Finland one step closer to joining NATO after Turkey ratifies accession

31 March 2023, 00:48

Finland announced it planned to join NATO following Russia's invasion of Ukraine
Finland announced it planned to join NATO following Russia's invasion of Ukraine. Picture: Getty
Kieran Kelly

By Kieran Kelly

Finland is one step closer to joining NATO after Turkey lifted the last hurdle in its way by ratifying the Nordic country's application.

All 276 legislators present in Turkey's Parliament voted in favour of Finland's bid to join the Western defensive alliance, days after Hungary's parliament did the same.

"This will make the whole Nato family stronger & safer," Nato secretary general Jens Stoltenberg wrote on Twitter in welcoming Turkey's action.

Both Finland and Sweden announced they would apply to join NATO following Russia's invasion of Ukraine last February, abandoning their decades-long policy of non-alignment and applied to join the alliance.

Full unanimity is required to admit new members into the 30-member alliance, and Turkey and Hungary were the last two Nato members standing in their way.

While Finland has pressed ahead, Sweden's bid to join the alliance, meanwhile, has been left hanging, with both Turkey and Hungary holding out on giving it the green light despite expressing support for Nato's expansion.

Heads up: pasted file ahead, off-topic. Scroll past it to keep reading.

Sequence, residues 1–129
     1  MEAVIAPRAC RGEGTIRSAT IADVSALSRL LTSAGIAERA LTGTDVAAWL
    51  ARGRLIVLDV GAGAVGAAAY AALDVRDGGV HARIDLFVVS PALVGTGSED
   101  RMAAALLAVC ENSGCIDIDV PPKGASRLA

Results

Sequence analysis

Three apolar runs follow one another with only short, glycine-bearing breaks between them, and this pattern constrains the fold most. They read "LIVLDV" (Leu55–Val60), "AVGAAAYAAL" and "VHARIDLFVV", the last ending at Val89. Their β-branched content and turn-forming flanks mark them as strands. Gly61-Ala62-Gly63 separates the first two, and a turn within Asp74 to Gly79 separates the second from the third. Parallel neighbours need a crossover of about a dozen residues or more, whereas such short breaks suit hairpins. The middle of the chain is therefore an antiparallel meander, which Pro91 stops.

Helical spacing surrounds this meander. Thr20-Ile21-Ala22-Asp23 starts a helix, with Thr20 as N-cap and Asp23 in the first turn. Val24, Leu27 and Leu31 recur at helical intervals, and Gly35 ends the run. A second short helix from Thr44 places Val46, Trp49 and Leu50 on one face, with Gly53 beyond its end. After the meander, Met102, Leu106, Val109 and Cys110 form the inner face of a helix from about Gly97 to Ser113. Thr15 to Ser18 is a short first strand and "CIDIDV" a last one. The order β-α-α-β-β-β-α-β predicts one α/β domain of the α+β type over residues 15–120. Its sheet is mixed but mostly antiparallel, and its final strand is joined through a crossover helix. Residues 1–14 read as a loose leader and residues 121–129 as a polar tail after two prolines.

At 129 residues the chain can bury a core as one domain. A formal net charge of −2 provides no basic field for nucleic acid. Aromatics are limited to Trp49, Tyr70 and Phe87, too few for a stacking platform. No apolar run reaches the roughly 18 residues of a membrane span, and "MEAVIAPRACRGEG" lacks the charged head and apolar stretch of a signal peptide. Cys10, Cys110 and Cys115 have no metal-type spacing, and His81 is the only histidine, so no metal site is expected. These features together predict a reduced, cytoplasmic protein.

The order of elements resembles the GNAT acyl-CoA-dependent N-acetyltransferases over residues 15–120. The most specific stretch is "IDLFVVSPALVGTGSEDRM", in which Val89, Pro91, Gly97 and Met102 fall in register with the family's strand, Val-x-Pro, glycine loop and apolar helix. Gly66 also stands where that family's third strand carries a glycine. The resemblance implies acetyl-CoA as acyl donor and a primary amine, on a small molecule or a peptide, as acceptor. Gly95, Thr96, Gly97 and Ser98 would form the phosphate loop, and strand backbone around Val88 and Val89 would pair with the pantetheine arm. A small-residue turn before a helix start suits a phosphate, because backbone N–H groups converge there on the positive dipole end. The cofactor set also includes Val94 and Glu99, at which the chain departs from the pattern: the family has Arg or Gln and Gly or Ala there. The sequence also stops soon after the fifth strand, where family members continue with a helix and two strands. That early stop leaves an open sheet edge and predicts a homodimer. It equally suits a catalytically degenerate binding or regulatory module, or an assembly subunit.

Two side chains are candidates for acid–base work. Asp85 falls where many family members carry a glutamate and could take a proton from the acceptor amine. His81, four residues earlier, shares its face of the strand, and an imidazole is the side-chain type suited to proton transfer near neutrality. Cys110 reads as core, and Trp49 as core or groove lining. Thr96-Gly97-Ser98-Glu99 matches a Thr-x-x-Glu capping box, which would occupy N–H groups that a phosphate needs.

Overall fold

Turkey has ratified Finland's accession into NATO
Turkey has ratified Finland's accession into NATO. Picture: Getty

Turkey's government accuses Sweden of being too lenient towards groups it deems to be terrorist organisations and security threats, including militant Kurdish groups and people associated with a 2016 coup attempt.

More recently, Turkey was angered by a series of demonstrations in Sweden, including a protest by an anti-Islam activist who burned the Koran outside the Turkish embassy.

Hungary's government contends some Swedish politicians have made derisive statements about the condition of Hungary's democracy.

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"As a Nato member, we naturally had some expectations and requests regarding the security concerns of our country," Akif Cagatay Kilic, a legislator from President Recep Tayyip Erdogan's governing party, told parliament before the vote.

"I would like to underline the concrete steps and their implementation by Finland, which supported and shaped the decision we are taking here."

Mr Kilic added: "I'm aware that there is a large number of people watching us from Finland. ... We can say to them: 'Welcome to Nato.'"

Asked earlier this week about Sweden's Nato membership, Mr Erdogan told reporters: "There are certain things we expect of them. They must be fulfilled first."

Sweden, which made constitutional changes to pass tougher anti-terrorism laws, has expressed hope that it will be able to join before Nato's July summit in Vilnius, Lithuania.